When I was a student the first thing our music teacher asked us to do for Y10 GCSE Music was Grade V Theory.  This was for many reasons but the main one is you cannot progress past Grade 6 on an instrument with the ABRSM unless you have passed your Grade 5 Theory and it was a good excuse to get everyone up to a basic theoretical standard.  It was pretty dull to be honest and very much an academic exercise.  The musical outcomes appeared to be next to non existent.  We grumbled about it as a class and couldn’t see the point apart from to satisfy the crazy requirements of the ABRSM.  But reflecting years later it was probably the most important thing we did.  The course was easy as a result.  We all got A’s and B’s and half of us went on to study Music for A-Level.

Organising Music for Primary School shows

This is my contribution for Starter for Five

  1. Organise all the music 3-6 months in advance.
  2. Do not rehearse the singing in the hall until all songs are learned off by heart
  3. Make sure everybody sings all the songs if they are in public view – don’t just have one class at a time
  4. If you are using recorded music do not just download it from YouTube – this loses a lot of sound quality
  5. Think in terms of the audience – if Johnny’s parent is sitting here what is she going to see/hear Johnny do?

How to begin to teach composition

My last post was a bit negative about teaching composition in schools so this is going to be a bit more constructive.  Like I said, composition is a higher level skill and mucking about with instruments without having to think carefully and make choices simply is not composition.  Yes, composition can be completed in groups but when starting out, group compositions are actually more difficult to administer than individual ones simply due to group dynamics and the necessity to make choices that everyone can agree with.  It is easier to agree to your own choice than other peoples.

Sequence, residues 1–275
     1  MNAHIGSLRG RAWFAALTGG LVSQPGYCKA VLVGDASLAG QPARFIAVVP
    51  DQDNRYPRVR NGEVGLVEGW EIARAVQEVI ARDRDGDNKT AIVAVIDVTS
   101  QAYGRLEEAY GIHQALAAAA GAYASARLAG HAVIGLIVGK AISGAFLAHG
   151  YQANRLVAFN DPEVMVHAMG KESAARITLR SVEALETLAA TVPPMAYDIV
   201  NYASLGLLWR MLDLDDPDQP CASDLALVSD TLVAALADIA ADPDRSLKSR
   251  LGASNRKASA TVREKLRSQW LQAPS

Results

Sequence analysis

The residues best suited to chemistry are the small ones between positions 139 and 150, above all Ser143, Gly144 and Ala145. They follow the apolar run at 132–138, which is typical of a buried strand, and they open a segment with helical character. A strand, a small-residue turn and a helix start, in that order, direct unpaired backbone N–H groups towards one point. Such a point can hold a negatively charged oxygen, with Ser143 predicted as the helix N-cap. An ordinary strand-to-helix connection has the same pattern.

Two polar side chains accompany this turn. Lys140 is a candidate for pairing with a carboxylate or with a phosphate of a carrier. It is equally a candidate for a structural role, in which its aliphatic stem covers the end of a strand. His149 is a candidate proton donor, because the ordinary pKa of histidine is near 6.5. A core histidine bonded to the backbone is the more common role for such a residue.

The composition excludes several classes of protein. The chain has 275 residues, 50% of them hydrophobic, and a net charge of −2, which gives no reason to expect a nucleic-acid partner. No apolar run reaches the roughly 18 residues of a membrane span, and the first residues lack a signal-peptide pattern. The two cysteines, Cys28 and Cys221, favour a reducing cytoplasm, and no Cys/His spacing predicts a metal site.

The key to good composition is listening, aural skills, the ability to know what you are going to do before you play it and more than anything the ability to limit your choices and understand how to develop a compositional feature.  This all must take place with knowledge of who is playing your music and where it is to be played.  Computers can take away some of these constraints but actually that is one of the reasons why students flounder when it comes to composing using computers – there are too many possibilities and it is not a lack of material that young people suffer from when composing.  It is too much – they do not know how to develop their material.

The following is how I would teach a first composition lesson. The first principle is that composing is about taking an idea and making choices.  Here is a very simple composition by LaMonte Young:

There is an idea and an instruction.  But the music is not developed.  LaMonte Young would probably disagree and say “a long time” is the development.  There is a title and a signature and it is dated so that we can identify who played what at what time.  Interestingly there is no indication what instrument is specified to play it, or whether it should be sung.  Obviously it needs to be said that only instruments or voices that are capable of producing the sound can qualify for this to be played. I would ask students to make their own tiny composition as an initial task for 5 minutes.  It can only last one bar. It has to have a musical idea, a title, a date and a signature.  It has to be played by the person next to you.  It does not have to use a musical stave but you might as well get used to using one as it will make the course a lot easier for you. You can’t copy anybody else’s work living or dead that you know about.  The reason for this task is two-fold. Firstly, I would want all composition work returned to me to follow those basic non-negotiables right from the very start. Secondly, there are many students who think they cannot compose – there is a stigma and this is a simple task that anyone who has some sort of interest in music will be able to complete.  Also, within these simple constraints you will see quite a lot of creativity going on.